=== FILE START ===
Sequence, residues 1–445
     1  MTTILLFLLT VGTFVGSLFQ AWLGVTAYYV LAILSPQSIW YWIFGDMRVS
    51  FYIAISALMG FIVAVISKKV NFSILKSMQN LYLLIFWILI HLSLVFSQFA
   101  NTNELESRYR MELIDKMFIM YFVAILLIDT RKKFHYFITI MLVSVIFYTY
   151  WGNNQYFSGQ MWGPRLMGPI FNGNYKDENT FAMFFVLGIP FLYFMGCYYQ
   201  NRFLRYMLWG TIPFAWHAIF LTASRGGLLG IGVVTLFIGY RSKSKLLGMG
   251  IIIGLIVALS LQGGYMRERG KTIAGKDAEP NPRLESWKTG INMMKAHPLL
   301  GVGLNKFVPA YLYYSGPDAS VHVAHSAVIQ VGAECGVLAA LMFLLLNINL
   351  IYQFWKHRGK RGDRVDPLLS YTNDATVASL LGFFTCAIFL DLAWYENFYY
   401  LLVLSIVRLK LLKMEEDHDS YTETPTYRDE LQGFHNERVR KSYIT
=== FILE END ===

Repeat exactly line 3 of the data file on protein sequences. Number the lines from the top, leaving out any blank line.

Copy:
    51  FYIAISALMG FIVAVISKKV NFSILKSMQN LYLLIFWILI HLSLVFSQFA